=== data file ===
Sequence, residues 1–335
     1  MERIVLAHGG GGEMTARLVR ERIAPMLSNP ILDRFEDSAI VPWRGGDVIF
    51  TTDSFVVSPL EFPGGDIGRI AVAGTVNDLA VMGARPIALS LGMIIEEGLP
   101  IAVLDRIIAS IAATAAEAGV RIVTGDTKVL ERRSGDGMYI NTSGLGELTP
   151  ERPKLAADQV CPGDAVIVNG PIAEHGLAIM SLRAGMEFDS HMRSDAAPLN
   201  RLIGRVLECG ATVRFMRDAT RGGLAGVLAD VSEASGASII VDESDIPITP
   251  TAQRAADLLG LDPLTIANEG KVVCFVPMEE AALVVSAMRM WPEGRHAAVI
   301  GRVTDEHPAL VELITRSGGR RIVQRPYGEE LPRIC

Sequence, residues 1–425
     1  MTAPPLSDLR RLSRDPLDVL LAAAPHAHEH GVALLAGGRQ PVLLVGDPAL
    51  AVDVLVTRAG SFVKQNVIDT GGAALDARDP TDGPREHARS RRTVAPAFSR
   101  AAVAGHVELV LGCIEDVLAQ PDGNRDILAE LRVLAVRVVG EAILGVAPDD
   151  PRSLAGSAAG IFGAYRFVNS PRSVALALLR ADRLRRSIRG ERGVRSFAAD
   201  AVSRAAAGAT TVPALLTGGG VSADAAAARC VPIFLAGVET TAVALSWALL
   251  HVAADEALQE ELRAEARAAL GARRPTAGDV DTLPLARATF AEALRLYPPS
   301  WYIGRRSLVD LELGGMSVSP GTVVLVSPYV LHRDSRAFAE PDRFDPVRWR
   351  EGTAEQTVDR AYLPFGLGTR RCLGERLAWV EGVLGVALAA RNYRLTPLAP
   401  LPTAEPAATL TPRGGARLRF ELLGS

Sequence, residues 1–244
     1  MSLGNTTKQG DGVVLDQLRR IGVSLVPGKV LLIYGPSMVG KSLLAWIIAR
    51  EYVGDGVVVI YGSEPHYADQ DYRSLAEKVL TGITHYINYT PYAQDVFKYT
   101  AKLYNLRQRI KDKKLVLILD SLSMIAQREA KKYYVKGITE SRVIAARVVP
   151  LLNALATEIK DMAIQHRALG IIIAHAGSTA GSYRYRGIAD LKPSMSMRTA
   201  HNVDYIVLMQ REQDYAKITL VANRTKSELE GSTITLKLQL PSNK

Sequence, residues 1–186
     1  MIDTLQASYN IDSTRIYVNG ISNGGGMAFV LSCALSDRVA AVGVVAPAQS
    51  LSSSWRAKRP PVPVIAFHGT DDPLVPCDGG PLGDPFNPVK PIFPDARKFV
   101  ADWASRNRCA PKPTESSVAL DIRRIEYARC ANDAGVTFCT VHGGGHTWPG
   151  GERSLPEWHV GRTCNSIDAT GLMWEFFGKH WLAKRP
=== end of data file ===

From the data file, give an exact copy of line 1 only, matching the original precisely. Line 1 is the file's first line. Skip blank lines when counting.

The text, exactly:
Sequence, residues 1–335